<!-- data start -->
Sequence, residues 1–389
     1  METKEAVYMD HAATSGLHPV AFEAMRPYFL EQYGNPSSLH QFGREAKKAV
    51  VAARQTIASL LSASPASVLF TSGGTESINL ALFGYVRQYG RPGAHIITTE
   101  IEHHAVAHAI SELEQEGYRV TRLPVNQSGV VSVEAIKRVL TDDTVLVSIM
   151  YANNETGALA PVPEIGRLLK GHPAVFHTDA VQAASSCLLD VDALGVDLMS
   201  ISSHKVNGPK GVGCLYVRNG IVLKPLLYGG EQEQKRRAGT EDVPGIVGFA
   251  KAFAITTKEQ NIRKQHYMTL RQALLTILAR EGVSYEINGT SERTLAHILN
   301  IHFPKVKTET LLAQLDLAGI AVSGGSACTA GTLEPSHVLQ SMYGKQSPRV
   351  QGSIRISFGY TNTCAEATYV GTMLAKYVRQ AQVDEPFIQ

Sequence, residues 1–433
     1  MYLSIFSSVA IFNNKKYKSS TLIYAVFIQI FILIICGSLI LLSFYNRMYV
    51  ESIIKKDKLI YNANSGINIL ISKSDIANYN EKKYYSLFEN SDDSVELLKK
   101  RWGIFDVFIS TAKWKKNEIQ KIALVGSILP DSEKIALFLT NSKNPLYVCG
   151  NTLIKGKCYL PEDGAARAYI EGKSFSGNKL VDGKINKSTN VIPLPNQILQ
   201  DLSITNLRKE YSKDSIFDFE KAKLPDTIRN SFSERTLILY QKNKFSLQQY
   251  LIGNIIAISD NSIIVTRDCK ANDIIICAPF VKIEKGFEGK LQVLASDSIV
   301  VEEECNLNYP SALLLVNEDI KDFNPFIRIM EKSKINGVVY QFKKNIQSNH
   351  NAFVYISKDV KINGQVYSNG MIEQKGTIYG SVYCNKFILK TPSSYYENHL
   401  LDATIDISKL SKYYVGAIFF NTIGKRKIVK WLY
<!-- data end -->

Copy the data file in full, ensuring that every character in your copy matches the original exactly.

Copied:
Sequence, residues 1–389
     1  METKEAVYMD HAATSGLHPV AFEAMRPYFL EQYGNPSSLH QFGREAKKAV
    51  VAARQTIASL LSASPASVLF TSGGTESINL ALFGYVRQYG RPGAHIITTE
   101  IEHHAVAHAI SELEQEGYRV TRLPVNQSGV VSVEAIKRVL TDDTVLVSIM
   151  YANNETGALA PVPEIGRLLK GHPAVFHTDA VQAASSCLLD VDALGVDLMS
   201  ISSHKVNGPK GVGCLYVRNG IVLKPLLYGG EQEQKRRAGT EDVPGIVGFA
   251  KAFAITTKEQ NIRKQHYMTL RQALLTILAR EGVSYEINGT SERTLAHILN
   301  IHFPKVKTET LLAQLDLAGI AVSGGSACTA GTLEPSHVLQ SMYGKQSPRV
   351  QGSIRISFGY TNTCAEATYV GTMLAKYVRQ AQVDEPFIQ

Sequence, residues 1–433
     1  MYLSIFSSVA IFNNKKYKSS TLIYAVFIQI FILIICGSLI LLSFYNRMYV
    51  ESIIKKDKLI YNANSGINIL ISKSDIANYN EKKYYSLFEN SDDSVELLKK
   101  RWGIFDVFIS TAKWKKNEIQ KIALVGSILP DSEKIALFLT NSKNPLYVCG
   151  NTLIKGKCYL PEDGAARAYI EGKSFSGNKL VDGKINKSTN VIPLPNQILQ
   201  DLSITNLRKE YSKDSIFDFE KAKLPDTIRN SFSERTLILY QKNKFSLQQY
   251  LIGNIIAISD NSIIVTRDCK ANDIIICAPF VKIEKGFEGK LQVLASDSIV
   301  VEEECNLNYP SALLLVNEDI KDFNPFIRIM EKSKINGVVY QFKKNIQSNH
   351  NAFVYISKDV KINGQVYSNG MIEQKGTIYG SVYCNKFILK TPSSYYENHL
   401  LDATIDISKL SKYYVGAIFF NTIGKRKIVK WLY